Business and Labor

Amateur athlete income provisions considered

The Business and Labor Committee heard testimony on a bill Feb. 12 that would make changes to state law regarding name, image and likeness income opportunities for student athletes.

Sen. Ben Hansen
Sen. Ben Hansen

LB1393, introduced by Blair Sen. Ben Hansen on behalf of Gov. Jim Pillen, would update provisions of the Nebraska Student Athlete Name, Image or Likeness Rights Act, known as NIL. Under the bill, universities in Nebraska would be able to assist student athletes with their NIL endorsements through legal support and access to department resources, such as team facilities, equipment, social media and photographers.

The bill defines a NIL activity as one that involves the use of an individual’s name, image or likeness for commercial or promotional purposes. It would prohibit the details of a student athlete’s NIL agreement from being made public.

Hansen said educational institutions currently are limited in the support they can provide student athletes regarding NIL, and are not allowed to be proactive with their assistance.

“That is insufficient for the institutions themselves as well as the companies, fans and the student athletes,” he said. “The universities support student athletes throughout their entire college experience and it only makes sense to be able to offer direction if [athletes] ask for it when it comes to NIL.”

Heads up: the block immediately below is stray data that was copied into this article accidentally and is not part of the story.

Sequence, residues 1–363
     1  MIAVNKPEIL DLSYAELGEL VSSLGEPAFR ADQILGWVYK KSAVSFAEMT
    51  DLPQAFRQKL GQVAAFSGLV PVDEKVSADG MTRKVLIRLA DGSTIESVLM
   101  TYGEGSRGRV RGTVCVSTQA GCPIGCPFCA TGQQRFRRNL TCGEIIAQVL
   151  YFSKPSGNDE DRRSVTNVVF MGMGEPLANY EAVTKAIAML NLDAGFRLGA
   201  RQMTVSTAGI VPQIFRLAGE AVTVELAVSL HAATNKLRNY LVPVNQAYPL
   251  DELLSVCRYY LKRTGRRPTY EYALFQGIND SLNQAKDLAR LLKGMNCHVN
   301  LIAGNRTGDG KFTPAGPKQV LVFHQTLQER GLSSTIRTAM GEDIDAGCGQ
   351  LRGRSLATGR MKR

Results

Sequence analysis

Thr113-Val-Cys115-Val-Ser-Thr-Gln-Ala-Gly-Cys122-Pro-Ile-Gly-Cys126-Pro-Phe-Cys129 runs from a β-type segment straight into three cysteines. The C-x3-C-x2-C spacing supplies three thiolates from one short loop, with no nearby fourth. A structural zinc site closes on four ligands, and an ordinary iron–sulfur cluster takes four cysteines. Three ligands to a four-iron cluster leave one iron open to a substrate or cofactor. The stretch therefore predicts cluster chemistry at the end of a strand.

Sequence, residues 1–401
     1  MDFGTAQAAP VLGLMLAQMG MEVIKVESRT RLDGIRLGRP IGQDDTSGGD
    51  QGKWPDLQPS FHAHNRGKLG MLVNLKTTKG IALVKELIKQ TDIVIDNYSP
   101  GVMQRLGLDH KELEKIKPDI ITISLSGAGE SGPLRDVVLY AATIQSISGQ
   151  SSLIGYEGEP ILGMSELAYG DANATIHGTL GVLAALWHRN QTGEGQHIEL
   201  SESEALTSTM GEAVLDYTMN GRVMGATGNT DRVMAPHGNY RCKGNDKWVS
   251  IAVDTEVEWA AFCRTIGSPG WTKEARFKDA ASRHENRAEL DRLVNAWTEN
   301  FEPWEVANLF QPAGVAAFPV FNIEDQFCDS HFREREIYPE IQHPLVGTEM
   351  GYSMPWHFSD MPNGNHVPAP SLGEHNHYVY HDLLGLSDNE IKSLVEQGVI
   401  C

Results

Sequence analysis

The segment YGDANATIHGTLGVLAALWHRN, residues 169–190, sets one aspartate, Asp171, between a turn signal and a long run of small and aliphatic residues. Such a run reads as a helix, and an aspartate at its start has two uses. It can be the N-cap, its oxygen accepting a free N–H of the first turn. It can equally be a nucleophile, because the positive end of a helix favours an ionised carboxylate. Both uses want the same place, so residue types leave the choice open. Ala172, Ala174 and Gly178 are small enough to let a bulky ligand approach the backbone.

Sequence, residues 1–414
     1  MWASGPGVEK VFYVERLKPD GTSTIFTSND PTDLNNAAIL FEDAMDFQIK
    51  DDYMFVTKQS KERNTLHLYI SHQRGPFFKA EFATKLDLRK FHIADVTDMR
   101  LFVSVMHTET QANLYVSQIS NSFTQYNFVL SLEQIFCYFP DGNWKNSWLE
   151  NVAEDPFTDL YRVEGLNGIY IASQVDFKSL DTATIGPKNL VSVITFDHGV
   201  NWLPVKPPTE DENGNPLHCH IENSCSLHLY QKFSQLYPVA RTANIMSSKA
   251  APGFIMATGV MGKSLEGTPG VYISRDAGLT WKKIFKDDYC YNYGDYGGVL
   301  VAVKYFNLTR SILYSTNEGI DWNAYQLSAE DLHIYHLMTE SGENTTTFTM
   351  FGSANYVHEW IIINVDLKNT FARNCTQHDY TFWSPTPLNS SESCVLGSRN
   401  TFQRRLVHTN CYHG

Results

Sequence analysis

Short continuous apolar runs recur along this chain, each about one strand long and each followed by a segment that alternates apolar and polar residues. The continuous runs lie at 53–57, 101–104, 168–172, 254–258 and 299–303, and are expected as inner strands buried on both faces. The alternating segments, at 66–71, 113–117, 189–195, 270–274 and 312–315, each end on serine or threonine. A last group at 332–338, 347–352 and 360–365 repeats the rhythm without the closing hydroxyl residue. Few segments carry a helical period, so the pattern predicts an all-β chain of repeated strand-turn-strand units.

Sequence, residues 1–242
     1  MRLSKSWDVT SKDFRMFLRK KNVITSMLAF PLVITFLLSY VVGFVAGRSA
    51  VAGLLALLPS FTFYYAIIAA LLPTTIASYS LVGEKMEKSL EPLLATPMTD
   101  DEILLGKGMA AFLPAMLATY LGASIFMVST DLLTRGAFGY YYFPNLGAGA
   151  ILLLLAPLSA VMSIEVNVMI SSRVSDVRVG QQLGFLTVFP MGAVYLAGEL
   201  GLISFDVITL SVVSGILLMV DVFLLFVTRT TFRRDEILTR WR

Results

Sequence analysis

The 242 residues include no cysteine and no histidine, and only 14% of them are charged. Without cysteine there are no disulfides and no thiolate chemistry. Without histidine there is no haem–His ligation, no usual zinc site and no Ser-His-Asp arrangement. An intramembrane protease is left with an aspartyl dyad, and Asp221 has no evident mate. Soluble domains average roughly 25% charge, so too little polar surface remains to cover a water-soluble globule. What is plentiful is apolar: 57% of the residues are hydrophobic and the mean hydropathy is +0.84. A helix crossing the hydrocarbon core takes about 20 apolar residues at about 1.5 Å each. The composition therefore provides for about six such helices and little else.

LB1393 also would clarify that institutions in Nebraska would be able to compensate a student athlete for the use of their name, image or likeness if allowed by a college athletic association policy change, court order or settlement agreement. Should such a policy change take place, the bill would clarify that NIL compensation of a student athlete does not inherently make the athlete an employee of the institution.

Gov. Jim Pillen testified in support of the bill, saying the proposal would give Nebraska universities a competitive advantage to help recruit young talent from across the country. The NIL space is changing the landscape of college athletics, he said, and Nebraska has the choice to either compete or “stay on the sidelines.”

“My preference would be that we would compete,” Pillen said. “LB1393 will give Nebraska colleges and universities the tools necessary to compete to attract top talent while also, most importantly, protecting our student athletes.”

Speaking in support of the bill, Nick Henrich shared his experience as a student athlete at the University of Nebraska-Lincoln when legislative changes in 2020 authorized compensation for the use of a student athlete’s name, image and likeness.

“Football is an extremely unforgiving game and injuries ended up derailing my career and causing me to retire,” he said, “but NIL really allowed me to set myself up for the future and provided me and my family [with] more opportunities.”

No one testified in opposition to LB1393 and the committee took no immediate action.

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